Yeah, yeah. Well, when my mom saw it, that was just before she fell asleep, and she said too, of course, he never did. It was one of those great parent-son moments where you have to remind your mother that this is a movie, Mom.Mike Lessiter:
Right. Related to this, I'm glad you brought that story up because I'm thinking we probably have some listeners and viewers out there who don't understand what seed saving was or the cultural, what your immigrant family brought that over, and then how Percy described the promise of the next season's seed in the movies. Can you give us a layman's definition of seed saving and how important that was to your family?John Schmeiser:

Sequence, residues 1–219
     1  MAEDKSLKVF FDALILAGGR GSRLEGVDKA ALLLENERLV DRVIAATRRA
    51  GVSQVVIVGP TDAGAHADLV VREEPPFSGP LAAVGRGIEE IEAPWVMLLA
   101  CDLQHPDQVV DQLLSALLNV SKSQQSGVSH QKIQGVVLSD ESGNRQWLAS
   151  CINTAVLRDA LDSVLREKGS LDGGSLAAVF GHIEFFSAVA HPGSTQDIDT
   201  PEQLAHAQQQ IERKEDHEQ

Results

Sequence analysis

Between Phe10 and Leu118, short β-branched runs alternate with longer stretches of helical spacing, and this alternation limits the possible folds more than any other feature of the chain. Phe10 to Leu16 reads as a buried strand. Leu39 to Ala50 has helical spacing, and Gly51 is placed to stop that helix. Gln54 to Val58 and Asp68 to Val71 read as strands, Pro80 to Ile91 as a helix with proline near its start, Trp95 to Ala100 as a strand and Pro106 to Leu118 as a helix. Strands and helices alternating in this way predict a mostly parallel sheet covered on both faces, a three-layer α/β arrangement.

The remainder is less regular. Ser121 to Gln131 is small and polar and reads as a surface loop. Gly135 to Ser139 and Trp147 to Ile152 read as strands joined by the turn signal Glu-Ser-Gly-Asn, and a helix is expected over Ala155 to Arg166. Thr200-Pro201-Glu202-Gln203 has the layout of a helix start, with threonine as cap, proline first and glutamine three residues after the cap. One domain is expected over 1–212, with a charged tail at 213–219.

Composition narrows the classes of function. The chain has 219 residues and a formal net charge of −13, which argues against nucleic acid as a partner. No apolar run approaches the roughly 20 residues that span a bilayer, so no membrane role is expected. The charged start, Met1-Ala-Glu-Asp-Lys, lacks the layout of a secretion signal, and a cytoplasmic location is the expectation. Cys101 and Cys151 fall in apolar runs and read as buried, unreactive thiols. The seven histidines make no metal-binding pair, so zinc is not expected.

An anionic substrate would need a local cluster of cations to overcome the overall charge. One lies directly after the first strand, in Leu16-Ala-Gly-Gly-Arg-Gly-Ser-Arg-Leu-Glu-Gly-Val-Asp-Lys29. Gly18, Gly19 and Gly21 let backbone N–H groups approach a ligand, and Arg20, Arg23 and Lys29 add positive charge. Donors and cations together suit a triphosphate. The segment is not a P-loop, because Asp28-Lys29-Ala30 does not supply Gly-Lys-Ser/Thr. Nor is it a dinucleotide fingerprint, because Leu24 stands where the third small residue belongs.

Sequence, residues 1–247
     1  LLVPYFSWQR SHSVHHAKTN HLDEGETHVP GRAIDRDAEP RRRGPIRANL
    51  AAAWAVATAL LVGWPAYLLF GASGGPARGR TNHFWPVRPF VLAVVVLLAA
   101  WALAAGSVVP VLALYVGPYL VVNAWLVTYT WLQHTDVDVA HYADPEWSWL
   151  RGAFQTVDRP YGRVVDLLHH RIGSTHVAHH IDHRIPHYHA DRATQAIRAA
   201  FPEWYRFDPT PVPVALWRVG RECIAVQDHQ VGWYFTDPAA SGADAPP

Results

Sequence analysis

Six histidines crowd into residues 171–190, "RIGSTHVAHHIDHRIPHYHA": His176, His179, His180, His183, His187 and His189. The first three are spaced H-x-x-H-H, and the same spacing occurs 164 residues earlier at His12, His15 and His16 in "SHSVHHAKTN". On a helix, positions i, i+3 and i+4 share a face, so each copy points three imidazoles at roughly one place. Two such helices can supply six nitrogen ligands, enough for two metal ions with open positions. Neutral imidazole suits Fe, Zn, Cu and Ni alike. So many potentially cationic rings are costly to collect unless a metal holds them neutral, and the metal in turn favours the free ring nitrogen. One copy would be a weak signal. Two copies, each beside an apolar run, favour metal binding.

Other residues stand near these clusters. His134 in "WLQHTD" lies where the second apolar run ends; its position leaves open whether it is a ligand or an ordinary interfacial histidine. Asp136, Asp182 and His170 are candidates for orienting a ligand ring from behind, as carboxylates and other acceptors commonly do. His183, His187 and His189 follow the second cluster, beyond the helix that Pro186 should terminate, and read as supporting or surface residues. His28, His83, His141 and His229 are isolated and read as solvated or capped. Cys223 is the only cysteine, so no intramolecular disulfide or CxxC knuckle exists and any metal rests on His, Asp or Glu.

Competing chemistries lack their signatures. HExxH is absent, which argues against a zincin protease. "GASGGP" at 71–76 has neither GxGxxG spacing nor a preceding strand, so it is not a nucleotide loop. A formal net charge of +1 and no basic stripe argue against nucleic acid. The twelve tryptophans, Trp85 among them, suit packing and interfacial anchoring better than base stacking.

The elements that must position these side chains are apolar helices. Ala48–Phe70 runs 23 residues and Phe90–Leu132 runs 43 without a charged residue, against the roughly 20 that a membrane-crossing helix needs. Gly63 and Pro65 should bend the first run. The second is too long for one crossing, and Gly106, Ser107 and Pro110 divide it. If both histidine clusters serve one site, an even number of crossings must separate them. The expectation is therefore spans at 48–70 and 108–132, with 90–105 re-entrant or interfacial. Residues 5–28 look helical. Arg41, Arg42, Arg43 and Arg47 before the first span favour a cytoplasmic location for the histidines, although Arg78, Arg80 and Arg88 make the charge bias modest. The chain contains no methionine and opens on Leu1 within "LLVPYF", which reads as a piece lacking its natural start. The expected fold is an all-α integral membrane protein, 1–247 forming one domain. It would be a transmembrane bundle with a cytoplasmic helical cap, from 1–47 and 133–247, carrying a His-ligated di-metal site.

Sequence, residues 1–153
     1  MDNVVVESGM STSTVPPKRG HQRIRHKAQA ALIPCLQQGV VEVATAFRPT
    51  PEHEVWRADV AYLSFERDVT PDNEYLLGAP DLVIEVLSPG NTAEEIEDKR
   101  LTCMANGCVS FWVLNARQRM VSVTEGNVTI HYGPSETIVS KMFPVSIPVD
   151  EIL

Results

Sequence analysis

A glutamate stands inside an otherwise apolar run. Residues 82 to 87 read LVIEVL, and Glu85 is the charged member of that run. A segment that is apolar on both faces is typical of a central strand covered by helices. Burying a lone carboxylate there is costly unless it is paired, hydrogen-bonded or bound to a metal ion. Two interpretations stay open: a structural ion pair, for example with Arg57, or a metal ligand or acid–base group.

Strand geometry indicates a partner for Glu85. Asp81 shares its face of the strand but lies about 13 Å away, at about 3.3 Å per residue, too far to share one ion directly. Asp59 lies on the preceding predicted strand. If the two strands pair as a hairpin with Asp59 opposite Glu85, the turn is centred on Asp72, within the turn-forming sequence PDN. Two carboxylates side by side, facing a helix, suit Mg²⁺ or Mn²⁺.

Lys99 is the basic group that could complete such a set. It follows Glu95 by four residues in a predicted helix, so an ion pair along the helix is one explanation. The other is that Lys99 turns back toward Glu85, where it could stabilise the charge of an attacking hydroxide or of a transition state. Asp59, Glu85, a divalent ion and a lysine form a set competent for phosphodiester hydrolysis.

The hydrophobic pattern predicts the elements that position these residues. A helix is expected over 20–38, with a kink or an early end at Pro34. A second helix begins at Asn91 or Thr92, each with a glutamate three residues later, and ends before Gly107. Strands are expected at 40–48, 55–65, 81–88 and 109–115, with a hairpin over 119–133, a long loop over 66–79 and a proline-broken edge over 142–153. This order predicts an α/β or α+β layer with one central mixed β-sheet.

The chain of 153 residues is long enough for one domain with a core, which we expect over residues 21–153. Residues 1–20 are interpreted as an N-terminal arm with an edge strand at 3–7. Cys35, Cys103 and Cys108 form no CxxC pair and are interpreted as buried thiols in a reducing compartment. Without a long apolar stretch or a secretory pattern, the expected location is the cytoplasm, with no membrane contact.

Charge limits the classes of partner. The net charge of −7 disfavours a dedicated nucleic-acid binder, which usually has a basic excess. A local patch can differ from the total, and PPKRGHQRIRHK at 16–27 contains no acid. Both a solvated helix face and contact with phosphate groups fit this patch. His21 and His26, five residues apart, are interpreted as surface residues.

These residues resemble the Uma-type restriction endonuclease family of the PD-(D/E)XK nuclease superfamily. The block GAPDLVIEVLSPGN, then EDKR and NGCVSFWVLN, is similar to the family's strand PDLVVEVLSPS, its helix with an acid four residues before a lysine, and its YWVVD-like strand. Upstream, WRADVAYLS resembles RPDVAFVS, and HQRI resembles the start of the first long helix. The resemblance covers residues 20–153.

Yeah, so when my great-grand grandfather came from Austria to Minnesota, he brought wheat seeds along with them. Not a lot, but he brought some along with him, and they made its way into Minnesota. And he planted some wheat off of where they were staying, the place that we were staying. He planted some off there just to make some bread, and saved some of the seeds from that, and brought them with them when they came into Saskatchewan.
This is something that was done generation after generation, where you would put aside a small amount of your crop and use it as seed for the next year. It didn't matter what crop it was, whether it was wheat or barley or canola, this was just common practice. And then every so often, at the time, farmers would maybe buy some new seed just because some new varieties were out, some varieties that maybe had drought tolerance or a shorter growing season. So, there's always new seed developments going out there and coming into the marketplace, but, for the most part, what farmers did was they saved some seed and then reused it, saved some of the crop, and then reused the seed as next year.